If today’s Nice Price or No Dice BMW 528i were a person, it’d be old enough to drink. Let’s find out if its price is worthy of a toast.
It’s long been the goal of most teenagers to stand out while at the same time, fitting in. It’s a deft tightrope act that some pull off adroitly and others muff tragically. The 2005 Chevy SSR we looked at yesterday has reached its teen years and, with its retro styling and retractable roof, it certainly stands out. Unfortunately for the seller, the $36,000 asking price apparently didn’t fit in. You all gave that a 76 percent No Dice loss.
Speaking of teenagers, it’s long been the case that those in the foster care system can have trouble finding stable home environments owing to their age. The same fate often befalls older dogs and cats waiting to spend their final few years in a quiet comfortable home rather than a noisy and scary shelter. It’s somewhat improper to compare the fates of living people and animals to cars, but I bring these factors up because it is sometimes equally as hard to find homes for certain older models.
Today’s 2000 BMW 528i estate is an older car, and it’s from a company known for having less than stellar reliability once the new has worn off and the warranty has expired. It demands a special type of someone to take on a car like this, someone who’s not daunted by the prospect of old German car ownership and the pitfalls someone in that role may face.
But enough of the Debbie Downer talk. Let’s dig into this Bimmer since it does look to be pretty tight for both its age and the 160,000 miles it has driven. First off, the E39 wagon is one of the nicest looking of the line, and this one, in silver over a black leather interior appears to have been well kept on top of that. On the outside, there seems to be no significant issue with the paint, glass, or trim. Even the plastic headlamp covers seem to have held up, showing only minimal yellowing.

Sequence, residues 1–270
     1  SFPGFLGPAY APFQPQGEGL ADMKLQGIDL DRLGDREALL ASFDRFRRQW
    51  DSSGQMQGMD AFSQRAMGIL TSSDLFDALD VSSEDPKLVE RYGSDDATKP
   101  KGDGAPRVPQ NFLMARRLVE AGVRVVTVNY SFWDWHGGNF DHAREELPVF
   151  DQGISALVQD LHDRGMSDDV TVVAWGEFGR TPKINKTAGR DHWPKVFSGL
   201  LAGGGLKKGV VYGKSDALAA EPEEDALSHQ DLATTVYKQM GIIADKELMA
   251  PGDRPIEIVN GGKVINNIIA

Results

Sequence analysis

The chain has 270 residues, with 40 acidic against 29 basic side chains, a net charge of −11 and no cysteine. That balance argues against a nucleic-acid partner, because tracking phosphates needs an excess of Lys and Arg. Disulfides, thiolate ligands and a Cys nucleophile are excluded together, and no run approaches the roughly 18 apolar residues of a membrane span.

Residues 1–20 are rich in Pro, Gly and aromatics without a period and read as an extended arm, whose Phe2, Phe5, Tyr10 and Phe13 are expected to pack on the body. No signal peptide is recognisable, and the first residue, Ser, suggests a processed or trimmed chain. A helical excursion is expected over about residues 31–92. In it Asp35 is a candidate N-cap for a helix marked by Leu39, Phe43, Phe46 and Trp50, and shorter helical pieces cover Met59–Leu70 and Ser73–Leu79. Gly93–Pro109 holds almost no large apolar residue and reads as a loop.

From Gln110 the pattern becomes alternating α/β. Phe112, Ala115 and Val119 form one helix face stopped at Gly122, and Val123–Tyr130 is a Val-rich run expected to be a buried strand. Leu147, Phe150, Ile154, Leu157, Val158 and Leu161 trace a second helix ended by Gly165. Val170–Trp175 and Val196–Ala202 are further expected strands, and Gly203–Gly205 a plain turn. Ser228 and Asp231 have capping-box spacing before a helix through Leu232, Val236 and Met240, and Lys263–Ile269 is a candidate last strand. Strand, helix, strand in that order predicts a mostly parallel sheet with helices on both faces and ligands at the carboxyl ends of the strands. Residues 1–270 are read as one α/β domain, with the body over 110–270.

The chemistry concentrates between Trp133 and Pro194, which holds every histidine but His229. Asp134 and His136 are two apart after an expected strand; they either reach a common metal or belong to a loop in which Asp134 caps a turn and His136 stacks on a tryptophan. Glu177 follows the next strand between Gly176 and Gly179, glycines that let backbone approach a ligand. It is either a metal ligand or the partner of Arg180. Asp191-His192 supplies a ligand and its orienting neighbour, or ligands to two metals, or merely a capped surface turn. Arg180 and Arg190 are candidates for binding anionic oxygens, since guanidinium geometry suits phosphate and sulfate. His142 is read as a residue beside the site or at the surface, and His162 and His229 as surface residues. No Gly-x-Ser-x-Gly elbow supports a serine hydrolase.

Inside, the story is much the same. The leather looks terrific and while this is a typically dark German car interior, it is livened up a bit by some handsome wood trim. The tool kit in the hatch seems reasonably complete and props to the seller for acknowledging how important that factor is to the Bimmer community.
The only odd bit here is the aftermarket stereo head unit in the dash. Fitting of that has required a big plain plastic surround that looks out of place in the otherwise posh accommodations.
This being a 528i, power comes from a DOHC M52 straight-six. With 2793ccs of displacement, the engine manages 193 horsepower and 206 lb-ft of torque. That’s guided by a five-speed automatic to the back end. Yes, admittedly a hotter mill and a stick would be more appreciated. I’d also like to be taller and independently wealthy, so what’s your point?
BMW cooling systems of this era have a reputation for frailty and so it’s nice to see the seller note that the wet works in this car have been recently refreshed. Other work noted by the ad includes an oil change and new pads on the brakes. According to the ad, the car is in excellent condition with no major mechanical issues. It’s doing daily driver duty at present and will come with a clean title but no license plates since those are apparently vanities that the seller wishes to keep.
So there you go. This is a very nice, but modest edition of the E39 estate with a drivetrain that won’t get your pulse pumping, but then should also be fairly easy to maintain. And that’s a big plus for an older BMW, right? The asking price is $5,900 and the seller seems willing to flex on that a bit.
What do you think, is $5,900 a good starting place for this 528i? Or, is that dead-on for such a nice car?
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